I was first introduced to Monster Truck back in 2011 when they opened for the Sheepdogs at the Alehouse in Kingston. At the time, I knew nothing about them (it would have been around the time they released The Brown EP). Their set was awesome, and it stood up strong beside that of the Sheepdogs, which was no easy feat. After, I chatted with drummer Steve Kiely who I remember as surprisingly genuine and down to earth, which is something that doesn’t happen very often. It wasn’t long after that a lot of people were turned on to them (myself included) and they were constantly on the radio with their single “Seven Seas Blues.” Fast forward some seven years, two studio albums, a Juno, and multiple tours with the likes of Vista Chino, Monster Truck has released True Rockers.
Often touted as a refreshing throwback to the rock and roll of the 70s, Monster Truck, at their best, are just that. Heavy, melodic, and unapologetic, they don’t let you forget that awesome music is alive and well in Canada. True Rockers has some big shoes to fill, and I would say that some parts of it do. Tracks like “Thundertruck,” “Being Cool is Over,” and “Hurricane,” are all solid and maintain the level of fun that they set out to achieve. Given that there is a lot going on within their big sound, I don’t think keyboardist Brandon Bliss gets enough credit. In basically every track, the keys are buried within, holding the track together with understated glue.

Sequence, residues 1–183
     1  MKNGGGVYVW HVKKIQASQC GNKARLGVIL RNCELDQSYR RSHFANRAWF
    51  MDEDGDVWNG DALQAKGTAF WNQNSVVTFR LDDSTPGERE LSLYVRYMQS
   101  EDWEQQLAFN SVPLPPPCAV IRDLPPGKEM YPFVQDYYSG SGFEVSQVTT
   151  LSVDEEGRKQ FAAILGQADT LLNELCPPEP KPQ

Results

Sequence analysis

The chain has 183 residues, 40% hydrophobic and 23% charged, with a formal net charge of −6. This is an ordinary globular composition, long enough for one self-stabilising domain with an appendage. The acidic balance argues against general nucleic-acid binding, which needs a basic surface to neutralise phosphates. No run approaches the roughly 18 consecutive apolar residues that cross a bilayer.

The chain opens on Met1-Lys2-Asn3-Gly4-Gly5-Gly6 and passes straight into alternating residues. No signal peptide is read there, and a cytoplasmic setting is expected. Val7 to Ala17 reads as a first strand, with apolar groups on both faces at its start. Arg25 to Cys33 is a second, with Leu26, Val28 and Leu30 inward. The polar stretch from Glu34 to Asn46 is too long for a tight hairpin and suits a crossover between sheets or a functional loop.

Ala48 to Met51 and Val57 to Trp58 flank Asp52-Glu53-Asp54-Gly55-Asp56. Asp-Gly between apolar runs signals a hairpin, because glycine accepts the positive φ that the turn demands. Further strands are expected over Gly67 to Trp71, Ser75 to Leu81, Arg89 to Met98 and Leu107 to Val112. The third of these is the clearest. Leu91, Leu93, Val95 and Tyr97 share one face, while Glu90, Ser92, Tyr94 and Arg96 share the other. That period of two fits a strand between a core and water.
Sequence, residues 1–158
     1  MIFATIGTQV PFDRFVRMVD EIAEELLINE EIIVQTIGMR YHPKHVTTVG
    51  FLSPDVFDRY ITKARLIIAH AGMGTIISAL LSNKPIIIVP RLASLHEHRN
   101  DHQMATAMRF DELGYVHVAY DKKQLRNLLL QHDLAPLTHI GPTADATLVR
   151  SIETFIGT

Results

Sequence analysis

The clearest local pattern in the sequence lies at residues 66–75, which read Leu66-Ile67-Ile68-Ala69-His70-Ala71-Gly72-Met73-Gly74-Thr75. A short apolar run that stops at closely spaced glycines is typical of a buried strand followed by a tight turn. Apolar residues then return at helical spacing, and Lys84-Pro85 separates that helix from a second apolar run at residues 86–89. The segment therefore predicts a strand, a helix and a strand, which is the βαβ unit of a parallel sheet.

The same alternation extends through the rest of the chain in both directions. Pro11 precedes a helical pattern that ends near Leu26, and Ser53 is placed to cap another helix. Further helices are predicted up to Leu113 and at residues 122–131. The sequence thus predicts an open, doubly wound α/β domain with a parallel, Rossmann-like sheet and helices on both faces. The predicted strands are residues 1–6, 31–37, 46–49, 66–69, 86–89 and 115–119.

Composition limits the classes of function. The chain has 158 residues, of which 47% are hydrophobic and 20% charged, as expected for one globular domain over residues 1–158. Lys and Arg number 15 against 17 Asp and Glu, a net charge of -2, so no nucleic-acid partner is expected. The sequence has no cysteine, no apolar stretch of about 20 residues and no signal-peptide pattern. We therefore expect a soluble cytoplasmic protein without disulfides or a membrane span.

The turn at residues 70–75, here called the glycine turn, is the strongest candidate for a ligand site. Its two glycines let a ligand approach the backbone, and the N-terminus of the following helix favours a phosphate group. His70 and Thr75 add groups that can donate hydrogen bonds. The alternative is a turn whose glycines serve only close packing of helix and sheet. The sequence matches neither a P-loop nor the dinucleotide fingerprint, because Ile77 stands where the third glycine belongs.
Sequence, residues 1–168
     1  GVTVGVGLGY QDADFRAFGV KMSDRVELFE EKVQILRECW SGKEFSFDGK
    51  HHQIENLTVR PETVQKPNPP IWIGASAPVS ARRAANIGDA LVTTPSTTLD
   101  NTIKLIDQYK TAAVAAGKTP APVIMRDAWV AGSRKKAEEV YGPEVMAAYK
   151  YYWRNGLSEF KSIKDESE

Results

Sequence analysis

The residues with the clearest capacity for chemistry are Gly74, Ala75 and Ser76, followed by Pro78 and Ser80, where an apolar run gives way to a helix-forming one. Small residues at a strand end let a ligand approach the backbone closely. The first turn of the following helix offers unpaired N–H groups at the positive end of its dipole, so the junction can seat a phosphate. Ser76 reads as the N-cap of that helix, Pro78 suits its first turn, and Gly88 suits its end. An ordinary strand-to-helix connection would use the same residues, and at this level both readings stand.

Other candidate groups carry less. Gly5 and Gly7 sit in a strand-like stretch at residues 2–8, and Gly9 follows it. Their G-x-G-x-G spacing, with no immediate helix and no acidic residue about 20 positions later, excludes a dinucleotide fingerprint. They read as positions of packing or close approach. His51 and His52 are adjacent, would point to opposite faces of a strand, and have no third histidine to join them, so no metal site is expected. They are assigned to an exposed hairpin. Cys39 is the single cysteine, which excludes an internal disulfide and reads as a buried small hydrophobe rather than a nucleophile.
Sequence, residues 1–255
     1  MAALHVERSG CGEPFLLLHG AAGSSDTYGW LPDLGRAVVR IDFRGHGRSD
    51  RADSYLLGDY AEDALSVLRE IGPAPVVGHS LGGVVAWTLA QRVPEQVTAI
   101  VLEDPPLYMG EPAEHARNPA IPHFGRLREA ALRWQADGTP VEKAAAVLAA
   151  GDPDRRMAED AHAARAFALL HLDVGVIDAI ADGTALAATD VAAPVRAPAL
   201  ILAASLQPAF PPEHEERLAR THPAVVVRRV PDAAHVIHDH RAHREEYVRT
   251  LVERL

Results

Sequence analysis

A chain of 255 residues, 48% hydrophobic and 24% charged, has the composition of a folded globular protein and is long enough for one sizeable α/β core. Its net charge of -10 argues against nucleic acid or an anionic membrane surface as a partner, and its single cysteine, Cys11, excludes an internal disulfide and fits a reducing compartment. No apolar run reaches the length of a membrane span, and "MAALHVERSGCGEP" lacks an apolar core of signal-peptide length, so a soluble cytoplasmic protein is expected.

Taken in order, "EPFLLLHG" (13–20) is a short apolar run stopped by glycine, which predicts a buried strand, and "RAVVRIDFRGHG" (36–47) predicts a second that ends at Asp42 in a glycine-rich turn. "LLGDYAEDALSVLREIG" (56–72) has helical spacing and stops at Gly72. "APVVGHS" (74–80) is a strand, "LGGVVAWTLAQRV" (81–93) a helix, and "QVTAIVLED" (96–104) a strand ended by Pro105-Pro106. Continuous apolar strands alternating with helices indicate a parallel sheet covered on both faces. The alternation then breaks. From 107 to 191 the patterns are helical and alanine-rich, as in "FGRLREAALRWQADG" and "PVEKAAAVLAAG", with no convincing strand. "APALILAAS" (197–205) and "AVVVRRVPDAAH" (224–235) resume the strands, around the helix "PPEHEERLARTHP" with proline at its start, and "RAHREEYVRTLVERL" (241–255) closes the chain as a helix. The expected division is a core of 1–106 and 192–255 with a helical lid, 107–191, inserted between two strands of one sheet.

Unfortunately, I really fall off the bandwagon with “Evolution,” and “Young City Hearts.” Neither of these tracks seem to fit within the album, or Monster Truck’s sound more generally. “Evolution,” is just a weird electro-pop number, while “Young City Hearts” hits you right out of left field – and not in a good way. Sure, both have a couple of great riffs and a few bright moments vocally from Jon Harvey, but they contain very little of the raw, uncompromised energy of tracks like “Sweet Mountain River” that make Monster Truck great.
In my mind, True Rockers is best represented by tracks like “Devil Don’t Care,” and “Undone.” If you’re only perusing the album, I’d recommend you direct your time here. With a distinctly southern feel, “Devil Don’t Care” is bluesy, groovy, and features a wicked harmonica. “Undone” is a bit slower, but still big and bluesy; coming right after “Young City Hearts” you almost want to scream, “yes! I want a whole album of THIS!” Somewhat of an undercurrent running through True Rockers, it is tracks like these – and to some extent, the final track “The Howlin’” – that reaffirm Monster Truck’s position as proudly Canadian, kick-ass band.
Written By Jordan Hodgins
*edited by Mike Milito